Tinubu’s anti-military campaigning eventually made him a target for Abacha’s murderous goons. Legend has it that Tinubu fled abroad disguised as a woman (using clothes borrowed from Abiola’s wife) after receiving death threats.

Before running for president, Abiola had so much influence on, and patronage from, the government, that a civil rights activist described him as “the de facto vice-president of Nigeria”.

Arguably, Tinubu has even more political influence than Abiola.  Unlike Abiola, Tinubu is a full-time professional politician. While Abiola turned to politics almost as an afterthought after running out of business mountains to conquer, Tinubu served his apprenticeship on the mean streets of the big southern cities like Lagos.

Tinubu transitioned from Abiola’s acolyte to political fugitive, to a godfather of Nigeria’s politics – his unseen hand has manoeuvred his favoured candidates into political office like pieces on a chessboard. Equally, he has dispensed with their services when they cease to serve his interests.

Last month, Tinubu boasted that “If not for me…Buhari would never have been president”. Buhari lost three consecutive presidential elections until Tinubu used his extensive economic and political networks to help Buhari become president in 2015.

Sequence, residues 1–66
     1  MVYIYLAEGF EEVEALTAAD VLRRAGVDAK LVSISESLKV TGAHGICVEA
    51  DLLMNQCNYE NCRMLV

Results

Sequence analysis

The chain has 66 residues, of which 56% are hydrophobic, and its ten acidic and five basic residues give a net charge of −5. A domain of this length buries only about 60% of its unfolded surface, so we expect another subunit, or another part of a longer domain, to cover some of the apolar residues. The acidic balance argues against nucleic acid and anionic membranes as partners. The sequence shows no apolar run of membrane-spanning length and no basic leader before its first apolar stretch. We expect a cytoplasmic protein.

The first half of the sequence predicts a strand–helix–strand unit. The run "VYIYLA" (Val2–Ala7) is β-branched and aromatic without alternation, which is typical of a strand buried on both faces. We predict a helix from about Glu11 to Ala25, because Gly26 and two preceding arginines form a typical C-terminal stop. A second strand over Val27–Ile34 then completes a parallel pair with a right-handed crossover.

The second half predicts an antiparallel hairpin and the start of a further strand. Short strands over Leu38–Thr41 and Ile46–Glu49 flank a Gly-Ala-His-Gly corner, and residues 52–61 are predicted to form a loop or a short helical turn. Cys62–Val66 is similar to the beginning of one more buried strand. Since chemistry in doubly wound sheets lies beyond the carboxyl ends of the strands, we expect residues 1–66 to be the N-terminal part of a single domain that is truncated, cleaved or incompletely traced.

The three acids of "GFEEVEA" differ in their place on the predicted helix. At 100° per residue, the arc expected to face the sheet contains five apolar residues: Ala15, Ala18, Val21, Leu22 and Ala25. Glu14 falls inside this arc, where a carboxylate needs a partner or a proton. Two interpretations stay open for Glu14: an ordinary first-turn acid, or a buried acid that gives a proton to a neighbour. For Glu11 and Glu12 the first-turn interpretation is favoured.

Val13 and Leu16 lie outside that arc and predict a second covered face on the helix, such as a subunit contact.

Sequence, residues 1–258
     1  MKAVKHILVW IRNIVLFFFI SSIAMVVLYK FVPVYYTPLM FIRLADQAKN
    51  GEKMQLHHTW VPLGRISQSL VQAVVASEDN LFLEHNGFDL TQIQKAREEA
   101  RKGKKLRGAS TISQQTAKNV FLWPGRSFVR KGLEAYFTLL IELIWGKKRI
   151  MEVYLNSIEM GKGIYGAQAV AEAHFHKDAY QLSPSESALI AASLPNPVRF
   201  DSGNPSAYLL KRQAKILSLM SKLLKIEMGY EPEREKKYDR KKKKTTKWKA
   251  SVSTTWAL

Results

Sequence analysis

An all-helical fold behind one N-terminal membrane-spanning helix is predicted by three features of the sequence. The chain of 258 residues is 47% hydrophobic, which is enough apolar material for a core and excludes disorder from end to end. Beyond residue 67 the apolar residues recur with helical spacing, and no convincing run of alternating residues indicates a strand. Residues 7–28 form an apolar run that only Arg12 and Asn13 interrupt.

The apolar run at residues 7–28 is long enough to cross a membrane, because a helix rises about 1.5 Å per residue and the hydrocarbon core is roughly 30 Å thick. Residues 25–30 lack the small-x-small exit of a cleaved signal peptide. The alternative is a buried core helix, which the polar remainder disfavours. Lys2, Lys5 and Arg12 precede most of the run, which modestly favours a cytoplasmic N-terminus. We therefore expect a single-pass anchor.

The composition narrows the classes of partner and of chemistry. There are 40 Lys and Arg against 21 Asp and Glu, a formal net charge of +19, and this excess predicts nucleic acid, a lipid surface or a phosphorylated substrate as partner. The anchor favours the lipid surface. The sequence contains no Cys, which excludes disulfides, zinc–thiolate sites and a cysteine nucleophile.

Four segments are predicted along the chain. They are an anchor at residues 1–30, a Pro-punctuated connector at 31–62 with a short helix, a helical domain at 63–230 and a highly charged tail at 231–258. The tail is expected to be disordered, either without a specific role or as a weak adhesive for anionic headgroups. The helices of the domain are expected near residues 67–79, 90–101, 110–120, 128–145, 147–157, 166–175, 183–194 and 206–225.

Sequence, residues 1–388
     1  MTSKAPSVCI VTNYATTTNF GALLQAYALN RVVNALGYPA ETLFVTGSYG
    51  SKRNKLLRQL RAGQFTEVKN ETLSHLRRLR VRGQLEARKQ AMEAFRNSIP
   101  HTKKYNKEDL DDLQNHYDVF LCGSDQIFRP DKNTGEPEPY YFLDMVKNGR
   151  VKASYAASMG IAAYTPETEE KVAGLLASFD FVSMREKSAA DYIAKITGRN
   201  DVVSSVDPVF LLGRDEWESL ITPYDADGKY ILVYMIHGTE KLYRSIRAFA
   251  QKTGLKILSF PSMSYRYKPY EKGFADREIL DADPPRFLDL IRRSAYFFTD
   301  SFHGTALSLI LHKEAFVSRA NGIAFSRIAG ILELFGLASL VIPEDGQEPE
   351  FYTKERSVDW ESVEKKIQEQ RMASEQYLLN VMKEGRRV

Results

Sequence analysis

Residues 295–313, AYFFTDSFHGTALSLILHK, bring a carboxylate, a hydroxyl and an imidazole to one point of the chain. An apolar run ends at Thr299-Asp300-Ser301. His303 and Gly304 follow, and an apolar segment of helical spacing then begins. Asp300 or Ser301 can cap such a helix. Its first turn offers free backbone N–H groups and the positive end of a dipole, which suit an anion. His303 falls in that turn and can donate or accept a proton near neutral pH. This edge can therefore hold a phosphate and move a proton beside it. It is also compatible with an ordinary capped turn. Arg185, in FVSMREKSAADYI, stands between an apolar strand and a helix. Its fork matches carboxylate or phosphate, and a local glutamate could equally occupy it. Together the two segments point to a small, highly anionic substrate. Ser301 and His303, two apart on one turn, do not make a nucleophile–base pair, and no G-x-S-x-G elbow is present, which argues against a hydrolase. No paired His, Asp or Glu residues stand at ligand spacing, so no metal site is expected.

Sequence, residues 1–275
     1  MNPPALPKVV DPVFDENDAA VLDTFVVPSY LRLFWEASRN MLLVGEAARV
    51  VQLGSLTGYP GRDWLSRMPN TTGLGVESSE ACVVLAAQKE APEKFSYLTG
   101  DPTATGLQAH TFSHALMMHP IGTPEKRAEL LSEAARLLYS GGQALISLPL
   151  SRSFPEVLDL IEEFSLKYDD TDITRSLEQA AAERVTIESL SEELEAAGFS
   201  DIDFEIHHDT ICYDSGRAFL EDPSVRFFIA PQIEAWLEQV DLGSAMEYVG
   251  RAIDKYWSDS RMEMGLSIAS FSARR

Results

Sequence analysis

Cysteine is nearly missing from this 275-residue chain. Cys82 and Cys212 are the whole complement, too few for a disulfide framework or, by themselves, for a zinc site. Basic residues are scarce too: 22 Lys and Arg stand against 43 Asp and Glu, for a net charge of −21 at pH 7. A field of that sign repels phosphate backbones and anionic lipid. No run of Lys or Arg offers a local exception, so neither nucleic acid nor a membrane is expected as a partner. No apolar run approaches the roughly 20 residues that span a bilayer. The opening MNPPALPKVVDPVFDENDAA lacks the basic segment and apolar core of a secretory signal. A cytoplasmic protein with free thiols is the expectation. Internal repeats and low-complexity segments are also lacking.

No room for error

Yet Tinubu cannot afford to miscalculate – his main opponent Atiku is also a graduate of the “Class of 1993”. Atiku was in Abiola’s party and was tipped to be his running mate. Then Abiola unexpectedly picked the veteran spymaster Kingibe instead.

Atiku has been campaigning for the presidency for over 30 years. At 75 years old, next year’s race will be his sixth and surely final attempt. He will throw everything into the fight, waiting to capitalise if Tinubu stumbles.

How can Tinubu navigate the political and religious minefields? To win over southerners, he can point to the fact that his wife is a pastor in Nigeria’s largest Pentecostal church: the Redeemed Christian Church of God (RCCG).

To get Buhari elected in 2015 and assuage the fears of Christians who portrayed Buhari as a Muslim extremist, Tinubu suggested the candidacy of Osinbajo (another RCCG Christian pastor) to balance the ticket.

Like Abiola, Tinubu also owns one of Nigeria’s most popular newspapers, and other media networks – which he can rely on to churn out propaganda for his campaign.

Tinubu is a deft political operator. Like an omniscient football coach, he manoeuvres his lieutenants into strategic positions from where they can best serve the team’s quest for victory.

Tinubu has said “it is my turn” to be president but now it’s show time. He will have to emerge from behind the scenes and run on to the political field –  no longer just the master manipulator but a striker in his own right.